Written by Linc Bedrosian
BATON ROUGE — New regulations that would have forced shrimpers in the bays and marshes of the Gulf of Mexico to install devices on their nets to save endangered sea turtles were scrapped Tuesday by federal officials.
The National Oceanic and Atmospheric Administration said it is withdrawing plans by its fisheries service to require "turtle excluder devices" for small fishing operations that trawl for shrimp in state waters.
NOAA said data collected over the summer showed the devices — which are escape hatches for sea turtles on nets — may not keep small turtles from being caught in the shallower waters that would have been subject to the requirement.
"The information we now have suggests the conservation benefit does not justify the burden this rule would place on the industry. We need more research looking at different options," Roy Crabtree, southeast regional administrator for NOAA Fisheries, said in a statement.
Read the full story at News Star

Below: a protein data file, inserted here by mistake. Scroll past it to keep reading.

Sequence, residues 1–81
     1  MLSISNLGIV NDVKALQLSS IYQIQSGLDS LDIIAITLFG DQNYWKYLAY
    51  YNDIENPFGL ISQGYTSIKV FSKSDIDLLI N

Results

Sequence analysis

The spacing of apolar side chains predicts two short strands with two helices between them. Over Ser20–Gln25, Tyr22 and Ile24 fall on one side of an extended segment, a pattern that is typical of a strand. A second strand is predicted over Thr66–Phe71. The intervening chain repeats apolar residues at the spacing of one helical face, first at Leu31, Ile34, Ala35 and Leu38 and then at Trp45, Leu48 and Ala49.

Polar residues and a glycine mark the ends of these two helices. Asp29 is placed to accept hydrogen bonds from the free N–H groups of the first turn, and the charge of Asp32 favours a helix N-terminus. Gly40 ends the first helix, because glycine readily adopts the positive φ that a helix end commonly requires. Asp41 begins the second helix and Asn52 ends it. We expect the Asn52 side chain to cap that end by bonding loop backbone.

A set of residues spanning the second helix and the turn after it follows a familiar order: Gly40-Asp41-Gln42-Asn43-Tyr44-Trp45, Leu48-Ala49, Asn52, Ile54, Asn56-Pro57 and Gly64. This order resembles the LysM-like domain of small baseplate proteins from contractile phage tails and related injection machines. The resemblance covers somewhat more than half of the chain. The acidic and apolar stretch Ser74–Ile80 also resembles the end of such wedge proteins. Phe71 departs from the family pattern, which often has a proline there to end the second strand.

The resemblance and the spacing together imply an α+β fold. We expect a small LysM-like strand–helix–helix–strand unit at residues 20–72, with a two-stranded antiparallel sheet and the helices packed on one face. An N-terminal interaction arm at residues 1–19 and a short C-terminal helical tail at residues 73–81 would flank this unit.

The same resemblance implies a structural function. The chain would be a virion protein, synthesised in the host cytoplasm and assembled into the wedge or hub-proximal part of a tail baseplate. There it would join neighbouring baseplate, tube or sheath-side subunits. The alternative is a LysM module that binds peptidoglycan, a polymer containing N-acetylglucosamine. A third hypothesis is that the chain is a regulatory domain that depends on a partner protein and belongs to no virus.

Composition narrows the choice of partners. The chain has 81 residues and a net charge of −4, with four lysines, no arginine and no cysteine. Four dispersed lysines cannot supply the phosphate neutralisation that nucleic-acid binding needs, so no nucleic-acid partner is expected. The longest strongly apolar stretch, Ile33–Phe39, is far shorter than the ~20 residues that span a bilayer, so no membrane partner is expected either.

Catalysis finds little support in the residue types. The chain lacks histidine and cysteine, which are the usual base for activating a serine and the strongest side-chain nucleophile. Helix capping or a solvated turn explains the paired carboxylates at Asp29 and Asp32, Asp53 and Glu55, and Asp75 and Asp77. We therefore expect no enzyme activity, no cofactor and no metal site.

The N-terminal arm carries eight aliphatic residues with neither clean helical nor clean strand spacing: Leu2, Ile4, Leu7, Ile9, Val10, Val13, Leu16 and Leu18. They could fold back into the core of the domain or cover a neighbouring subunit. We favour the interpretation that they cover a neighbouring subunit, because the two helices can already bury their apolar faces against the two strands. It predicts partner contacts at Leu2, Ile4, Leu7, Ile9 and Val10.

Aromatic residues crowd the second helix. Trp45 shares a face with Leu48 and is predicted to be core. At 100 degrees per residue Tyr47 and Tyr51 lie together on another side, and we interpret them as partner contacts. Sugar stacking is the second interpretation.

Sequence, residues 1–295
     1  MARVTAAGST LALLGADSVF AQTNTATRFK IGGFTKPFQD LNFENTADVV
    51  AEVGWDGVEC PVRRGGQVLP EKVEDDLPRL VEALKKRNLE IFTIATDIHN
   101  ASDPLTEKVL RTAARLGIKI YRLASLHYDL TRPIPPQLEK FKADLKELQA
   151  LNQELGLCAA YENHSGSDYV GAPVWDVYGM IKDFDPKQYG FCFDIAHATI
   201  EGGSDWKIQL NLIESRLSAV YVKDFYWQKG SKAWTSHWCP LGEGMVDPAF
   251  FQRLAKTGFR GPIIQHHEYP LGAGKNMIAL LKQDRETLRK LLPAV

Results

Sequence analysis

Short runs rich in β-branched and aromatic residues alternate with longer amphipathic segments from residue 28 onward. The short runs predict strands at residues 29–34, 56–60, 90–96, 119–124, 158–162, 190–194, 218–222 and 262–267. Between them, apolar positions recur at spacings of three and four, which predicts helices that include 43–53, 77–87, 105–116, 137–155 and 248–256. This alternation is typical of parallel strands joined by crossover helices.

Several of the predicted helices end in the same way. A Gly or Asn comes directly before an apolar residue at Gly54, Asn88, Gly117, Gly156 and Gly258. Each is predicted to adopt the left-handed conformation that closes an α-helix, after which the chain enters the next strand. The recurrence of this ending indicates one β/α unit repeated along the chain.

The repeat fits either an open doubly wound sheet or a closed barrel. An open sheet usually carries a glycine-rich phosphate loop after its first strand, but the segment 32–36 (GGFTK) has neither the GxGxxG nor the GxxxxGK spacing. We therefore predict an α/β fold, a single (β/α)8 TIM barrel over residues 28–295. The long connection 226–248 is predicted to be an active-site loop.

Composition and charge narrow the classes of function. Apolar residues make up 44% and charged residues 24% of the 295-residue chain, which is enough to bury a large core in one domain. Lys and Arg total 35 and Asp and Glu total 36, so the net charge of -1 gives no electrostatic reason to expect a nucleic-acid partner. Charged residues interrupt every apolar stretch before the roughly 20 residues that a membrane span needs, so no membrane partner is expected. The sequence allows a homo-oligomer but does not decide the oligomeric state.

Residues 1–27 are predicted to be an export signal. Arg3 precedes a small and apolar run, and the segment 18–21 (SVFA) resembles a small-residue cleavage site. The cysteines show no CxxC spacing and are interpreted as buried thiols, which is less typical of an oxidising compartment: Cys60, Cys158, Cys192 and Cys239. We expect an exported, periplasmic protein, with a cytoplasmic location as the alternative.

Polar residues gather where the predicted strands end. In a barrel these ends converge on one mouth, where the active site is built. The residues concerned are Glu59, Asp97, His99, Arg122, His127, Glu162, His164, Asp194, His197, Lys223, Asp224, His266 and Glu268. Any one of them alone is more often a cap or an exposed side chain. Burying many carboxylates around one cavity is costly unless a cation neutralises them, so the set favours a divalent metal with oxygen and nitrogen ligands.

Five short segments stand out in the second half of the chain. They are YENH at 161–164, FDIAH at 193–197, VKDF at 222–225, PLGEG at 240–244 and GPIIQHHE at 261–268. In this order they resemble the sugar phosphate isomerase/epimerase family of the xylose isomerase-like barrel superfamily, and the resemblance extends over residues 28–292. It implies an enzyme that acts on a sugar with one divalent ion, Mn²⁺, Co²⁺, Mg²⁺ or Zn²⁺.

National Fisherman Live: 3/10/15
In this episode, Online Editor Leslie Taylor talks with Mike McLouglin, vice president of Dunlop Industrial and Protective Footwear.
National Fisherman Live: 2/24/15
In this episode:
March date set for disaster aid dispersal
Oregon LNG project could disrupt fishing
NOAA tweaks gear marking requirement
N.C. launches first commercial/recreational dock
Spiny lobster traps limits not well received
NMFS announced two changes in regulations that apply to federal fishing permit holders starting Aug. 26.
First, they have eliminated the requirement for vessel owners to submit “did not fish” reports for the months or weeks when their vessel was not fishing.
Some of the restrictions for upgrading vessels listed on federal fishing permits have also been removed.Read more...
Alaskans will meet with British Columbia’s Minister of Energy and Mines, Bill Bennett, when he visits Juneau next week and will ask him to support an international review of mine developments in northwest British Columbia, upstream from Southeast Alaska along the Taku, Stikine and Unuk transboundary rivers.
Some Alaska fishing and environmental groups believe an international review is the best way to develop specific, binding commitments to ensure clean water, salmon, jobs and traditional and customary practices are not harmed by British Columbia mines and that adequate financial assurances are in place up front to cover long-term monitoring and compensation for damages.Read more...